So Much On My Mind It’s A Wonder My Neck Doesn’t Snap.

F/6.3, 1/50, ISO 200.

American Flamingo 

What did one hat say to the other?

You stay here, I’ll go on a head.

Interesting Fact: The American flamingo has adapted to its shallow-water environment in several ways. It has evolved long legs and large webbed feet to wade and stir up the bottom of the water bed to bring up their food source to then be retrieved. To feed, it has evolved a specialized beak which is hooked downward and features marginal lamellae on the upper mandible, and inner and outer lamellae on both the upper and lower mandibles. These are adapted for filtering out differently sized food from water.[16] Depending on the food source in their area, diets depend on the exact morphology of their beaks on what can and cannot be strained out of them. It submerges its head under water to retrieve its food, and may have its head under water for long times, which requires it to hold its breath. Factors which affect the habitat choice of American flamingos are environmental temperatures, water depth, food source, accessibility of an area, and the presence of vegetation beds in feeding areas. If available food items do not meet the needs of the flamingos or the temperature is not appropriate to their requirements, they move to a better feeding or more temperate area. ( https://en.wikipedia.org/wiki/American_flamingo )

The Grass Is Greener Where You Water It!

F/6.3, 1/100, ISO 400.

White-throated Sparrow

What did the tie say to the hat?

You go on ahead and I’ll hang around!

Interesting Fact: White-throated Sparrows hop when they’re on the ground rather than walking or running. They forage in the leaf litter, often using both feet at once to scratch backwards, then pounce forward at anything they’ve uncovered. They also toss leaves aside with flicks of the head.  ( https://www.allaboutbirds.org/guide/White-throated_Sparrow/lifehistory )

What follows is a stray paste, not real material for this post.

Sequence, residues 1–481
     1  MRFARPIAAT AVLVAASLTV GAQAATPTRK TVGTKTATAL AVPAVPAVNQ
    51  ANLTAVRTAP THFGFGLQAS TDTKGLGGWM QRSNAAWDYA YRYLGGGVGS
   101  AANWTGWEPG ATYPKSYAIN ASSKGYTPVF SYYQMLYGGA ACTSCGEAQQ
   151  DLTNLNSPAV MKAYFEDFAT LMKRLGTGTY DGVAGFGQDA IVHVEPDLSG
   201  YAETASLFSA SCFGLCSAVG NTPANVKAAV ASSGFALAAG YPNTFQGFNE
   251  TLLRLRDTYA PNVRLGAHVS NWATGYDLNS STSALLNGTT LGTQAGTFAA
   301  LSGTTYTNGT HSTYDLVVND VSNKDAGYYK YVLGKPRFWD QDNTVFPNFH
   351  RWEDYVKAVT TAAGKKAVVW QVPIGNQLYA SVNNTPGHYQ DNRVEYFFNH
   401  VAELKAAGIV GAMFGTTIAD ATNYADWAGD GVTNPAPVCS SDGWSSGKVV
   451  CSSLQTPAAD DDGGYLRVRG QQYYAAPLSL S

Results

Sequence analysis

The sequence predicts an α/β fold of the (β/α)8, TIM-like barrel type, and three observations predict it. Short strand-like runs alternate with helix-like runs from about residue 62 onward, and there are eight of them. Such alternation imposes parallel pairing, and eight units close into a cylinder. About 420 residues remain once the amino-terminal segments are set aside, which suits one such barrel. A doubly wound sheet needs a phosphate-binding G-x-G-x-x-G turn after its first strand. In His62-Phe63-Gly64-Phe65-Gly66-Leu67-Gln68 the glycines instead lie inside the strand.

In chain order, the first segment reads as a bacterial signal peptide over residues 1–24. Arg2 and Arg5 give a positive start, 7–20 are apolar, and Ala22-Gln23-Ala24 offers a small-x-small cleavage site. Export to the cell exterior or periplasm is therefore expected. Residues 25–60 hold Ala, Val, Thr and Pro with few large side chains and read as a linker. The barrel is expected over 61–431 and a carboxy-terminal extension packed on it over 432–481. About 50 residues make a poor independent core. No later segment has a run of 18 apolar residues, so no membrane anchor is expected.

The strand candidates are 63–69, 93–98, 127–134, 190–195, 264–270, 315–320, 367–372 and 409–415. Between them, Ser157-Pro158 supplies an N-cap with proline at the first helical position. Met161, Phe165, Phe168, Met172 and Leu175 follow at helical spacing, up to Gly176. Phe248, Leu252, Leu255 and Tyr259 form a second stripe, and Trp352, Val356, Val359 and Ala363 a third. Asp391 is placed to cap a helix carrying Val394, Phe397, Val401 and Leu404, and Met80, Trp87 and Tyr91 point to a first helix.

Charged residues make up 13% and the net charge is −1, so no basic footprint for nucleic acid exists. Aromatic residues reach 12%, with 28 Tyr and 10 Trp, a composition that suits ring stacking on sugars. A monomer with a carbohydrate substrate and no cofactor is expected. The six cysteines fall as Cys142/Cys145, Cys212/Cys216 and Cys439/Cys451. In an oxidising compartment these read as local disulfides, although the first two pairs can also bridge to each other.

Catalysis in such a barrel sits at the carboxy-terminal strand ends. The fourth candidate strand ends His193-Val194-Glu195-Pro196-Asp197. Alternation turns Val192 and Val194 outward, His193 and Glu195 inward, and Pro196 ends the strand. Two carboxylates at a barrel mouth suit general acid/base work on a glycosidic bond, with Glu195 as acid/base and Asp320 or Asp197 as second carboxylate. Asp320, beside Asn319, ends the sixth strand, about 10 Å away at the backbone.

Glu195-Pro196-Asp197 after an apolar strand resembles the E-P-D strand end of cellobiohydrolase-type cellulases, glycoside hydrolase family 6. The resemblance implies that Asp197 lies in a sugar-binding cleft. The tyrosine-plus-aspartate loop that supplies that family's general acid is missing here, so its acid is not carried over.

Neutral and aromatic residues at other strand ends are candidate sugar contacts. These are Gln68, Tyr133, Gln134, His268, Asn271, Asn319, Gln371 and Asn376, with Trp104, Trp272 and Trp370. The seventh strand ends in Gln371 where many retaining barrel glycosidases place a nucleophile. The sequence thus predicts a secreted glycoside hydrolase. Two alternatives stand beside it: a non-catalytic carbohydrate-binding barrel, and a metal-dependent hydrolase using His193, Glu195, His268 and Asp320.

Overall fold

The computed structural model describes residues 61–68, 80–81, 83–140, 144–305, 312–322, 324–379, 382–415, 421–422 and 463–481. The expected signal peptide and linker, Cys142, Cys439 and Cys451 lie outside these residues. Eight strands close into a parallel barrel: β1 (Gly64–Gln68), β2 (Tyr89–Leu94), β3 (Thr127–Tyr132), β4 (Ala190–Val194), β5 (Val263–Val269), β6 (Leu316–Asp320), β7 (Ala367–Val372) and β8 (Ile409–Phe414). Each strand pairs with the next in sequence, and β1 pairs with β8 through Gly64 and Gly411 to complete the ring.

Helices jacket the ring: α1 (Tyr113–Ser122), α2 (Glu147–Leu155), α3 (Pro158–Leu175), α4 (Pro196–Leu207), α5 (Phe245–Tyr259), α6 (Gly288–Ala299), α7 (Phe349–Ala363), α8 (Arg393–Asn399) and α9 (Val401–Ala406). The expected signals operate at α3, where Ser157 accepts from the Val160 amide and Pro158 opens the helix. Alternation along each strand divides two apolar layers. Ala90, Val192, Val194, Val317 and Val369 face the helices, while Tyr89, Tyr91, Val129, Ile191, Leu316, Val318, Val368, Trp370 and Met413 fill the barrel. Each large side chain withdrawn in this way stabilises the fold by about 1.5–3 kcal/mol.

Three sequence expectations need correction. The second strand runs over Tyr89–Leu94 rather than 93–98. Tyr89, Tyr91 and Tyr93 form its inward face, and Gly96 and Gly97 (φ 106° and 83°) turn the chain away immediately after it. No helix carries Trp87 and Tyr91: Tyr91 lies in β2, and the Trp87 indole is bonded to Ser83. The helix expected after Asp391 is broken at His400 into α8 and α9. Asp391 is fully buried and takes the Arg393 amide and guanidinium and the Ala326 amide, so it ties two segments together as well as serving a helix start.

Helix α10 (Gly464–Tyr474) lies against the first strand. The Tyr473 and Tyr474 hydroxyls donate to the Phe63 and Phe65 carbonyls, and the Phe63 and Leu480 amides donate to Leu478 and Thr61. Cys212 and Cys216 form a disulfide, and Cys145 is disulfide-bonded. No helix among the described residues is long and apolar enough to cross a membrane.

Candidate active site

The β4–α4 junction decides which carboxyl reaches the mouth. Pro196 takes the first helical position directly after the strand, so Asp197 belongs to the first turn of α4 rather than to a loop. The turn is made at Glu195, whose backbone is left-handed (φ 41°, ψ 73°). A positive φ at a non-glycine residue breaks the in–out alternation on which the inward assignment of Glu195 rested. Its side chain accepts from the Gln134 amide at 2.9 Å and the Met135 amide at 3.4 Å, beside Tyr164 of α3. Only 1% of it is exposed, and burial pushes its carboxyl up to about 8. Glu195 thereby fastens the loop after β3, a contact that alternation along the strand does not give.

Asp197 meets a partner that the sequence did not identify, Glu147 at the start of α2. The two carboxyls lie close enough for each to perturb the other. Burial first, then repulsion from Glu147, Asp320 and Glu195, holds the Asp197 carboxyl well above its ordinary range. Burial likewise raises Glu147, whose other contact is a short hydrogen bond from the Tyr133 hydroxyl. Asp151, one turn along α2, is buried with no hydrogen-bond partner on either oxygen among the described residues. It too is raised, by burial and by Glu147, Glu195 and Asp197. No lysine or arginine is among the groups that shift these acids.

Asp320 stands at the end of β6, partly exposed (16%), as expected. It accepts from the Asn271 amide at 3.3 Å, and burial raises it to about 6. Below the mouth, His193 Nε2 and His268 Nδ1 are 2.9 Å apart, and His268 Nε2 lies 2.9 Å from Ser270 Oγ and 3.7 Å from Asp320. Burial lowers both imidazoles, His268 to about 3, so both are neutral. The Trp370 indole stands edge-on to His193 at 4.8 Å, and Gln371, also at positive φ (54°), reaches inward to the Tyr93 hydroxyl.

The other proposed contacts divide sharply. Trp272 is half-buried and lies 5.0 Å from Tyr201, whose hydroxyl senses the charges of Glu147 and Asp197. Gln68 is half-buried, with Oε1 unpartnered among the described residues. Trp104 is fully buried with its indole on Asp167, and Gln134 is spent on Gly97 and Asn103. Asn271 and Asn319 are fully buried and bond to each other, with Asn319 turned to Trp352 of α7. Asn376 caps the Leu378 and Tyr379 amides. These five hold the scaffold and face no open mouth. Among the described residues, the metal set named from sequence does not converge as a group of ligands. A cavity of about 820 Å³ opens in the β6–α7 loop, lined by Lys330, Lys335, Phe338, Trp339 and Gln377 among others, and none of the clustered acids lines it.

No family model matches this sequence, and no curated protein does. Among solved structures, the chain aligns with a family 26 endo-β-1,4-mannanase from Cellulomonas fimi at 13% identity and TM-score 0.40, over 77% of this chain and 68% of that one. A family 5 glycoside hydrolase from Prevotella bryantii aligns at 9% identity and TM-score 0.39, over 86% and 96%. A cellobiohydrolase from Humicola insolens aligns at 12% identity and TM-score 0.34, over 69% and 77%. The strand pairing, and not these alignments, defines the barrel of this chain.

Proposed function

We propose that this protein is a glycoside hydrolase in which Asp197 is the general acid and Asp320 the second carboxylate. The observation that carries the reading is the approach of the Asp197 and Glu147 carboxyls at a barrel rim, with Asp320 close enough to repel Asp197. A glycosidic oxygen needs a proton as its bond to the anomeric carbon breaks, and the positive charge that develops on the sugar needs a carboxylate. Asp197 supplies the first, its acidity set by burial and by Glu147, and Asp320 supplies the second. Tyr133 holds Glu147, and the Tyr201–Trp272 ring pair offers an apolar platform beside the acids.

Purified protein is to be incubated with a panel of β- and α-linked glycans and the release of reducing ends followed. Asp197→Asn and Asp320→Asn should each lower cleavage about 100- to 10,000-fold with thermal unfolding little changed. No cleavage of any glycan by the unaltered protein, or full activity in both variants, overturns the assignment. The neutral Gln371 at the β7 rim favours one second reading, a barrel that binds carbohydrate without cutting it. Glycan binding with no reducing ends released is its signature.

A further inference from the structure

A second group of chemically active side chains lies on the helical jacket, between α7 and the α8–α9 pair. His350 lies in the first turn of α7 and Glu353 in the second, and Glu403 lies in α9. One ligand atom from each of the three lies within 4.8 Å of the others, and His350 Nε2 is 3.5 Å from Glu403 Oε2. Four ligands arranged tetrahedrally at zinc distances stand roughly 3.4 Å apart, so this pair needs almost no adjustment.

Oh Stop, You Making Me Blush!

F/6.3, 1/160, ISO 500.

House Finch

What did one hat say to another? 

You stay here, I’ll go on a head.

Interesting Fact: House Finches nest in a variety of deciduous and coniferous trees as well as on cactus and rock ledges. They also nest in or on buildings, using sites like vents, ledges, street lamps, ivy, and hanging planters. Occasionally House Finches use the abandoned nests of other birds. ( https://www.allaboutbirds.org/guide/House_Finch/lifehistory )

We Get Frequent Flyer Points

F/10.0, 1/400, ISO 200.

Brown Pelicans

What did the bra say to the hat?

You go on a head, and I’ll give these two a lift.

Interesting Fact: During a dive, the Brown Pelican tucks its head and rotates its body to the left. This maneuver is probably to cushion the trachea and esophagus—which are found on the right side of the neck—from the impact. ( https://www.allaboutbirds.org/guide/Brown_Pelican )

Hey Bro! Want To Have A Staring Contest?!

F/8.0, 1/250, ISO 200.

Sandhill Crane

What did the tie say to the hat?

You go on ahead and I’ll hang around.

Interesting Fact: The elegance of cranes has inspired people in cultures all over the world—including the great scientist, conservationist, and nature writer Aldo Leopold, who wrote of their “nobility, won in the march of aeons.”  ( https://www.allaboutbirds.org/guide/Sandhill_Crane/ )